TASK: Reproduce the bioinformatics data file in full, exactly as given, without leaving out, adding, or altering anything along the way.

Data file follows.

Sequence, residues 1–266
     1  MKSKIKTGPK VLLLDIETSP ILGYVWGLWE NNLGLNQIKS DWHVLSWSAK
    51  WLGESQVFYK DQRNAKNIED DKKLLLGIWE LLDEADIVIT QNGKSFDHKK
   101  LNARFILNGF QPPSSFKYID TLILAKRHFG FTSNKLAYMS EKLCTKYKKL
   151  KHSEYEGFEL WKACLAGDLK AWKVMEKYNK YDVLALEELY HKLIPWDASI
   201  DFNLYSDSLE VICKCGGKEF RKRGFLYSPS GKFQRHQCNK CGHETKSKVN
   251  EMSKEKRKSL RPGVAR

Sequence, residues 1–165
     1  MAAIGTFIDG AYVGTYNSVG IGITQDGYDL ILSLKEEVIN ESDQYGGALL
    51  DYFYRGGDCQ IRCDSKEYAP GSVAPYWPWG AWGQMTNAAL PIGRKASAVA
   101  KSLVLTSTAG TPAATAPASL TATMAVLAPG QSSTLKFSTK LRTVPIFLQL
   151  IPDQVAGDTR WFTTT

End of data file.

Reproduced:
Sequence, residues 1–266
     1  MKSKIKTGPK VLLLDIETSP ILGYVWGLWE NNLGLNQIKS DWHVLSWSAK
    51  WLGESQVFYK DQRNAKNIED DKKLLLGIWE LLDEADIVIT QNGKSFDHKK
   101  LNARFILNGF QPPSSFKYID TLILAKRHFG FTSNKLAYMS EKLCTKYKKL
   151  KHSEYEGFEL WKACLAGDLK AWKVMEKYNK YDVLALEELY HKLIPWDASI
   201  DFNLYSDSLE VICKCGGKEF RKRGFLYSPS GKFQRHQCNK CGHETKSKVN
   251  EMSKEKRKSL RPGVAR

Sequence, residues 1–165
     1  MAAIGTFIDG AYVGTYNSVG IGITQDGYDL ILSLKEEVIN ESDQYGGALL
    51  DYFYRGGDCQ IRCDSKEYAP GSVAPYWPWG AWGQMTNAAL PIGRKASAVA
   101  KSLVLTSTAG TPAATAPASL TATMAVLAPG QSSTLKFSTK LRTVPIFLQL
   151  IPDQVAGDTR WFTTT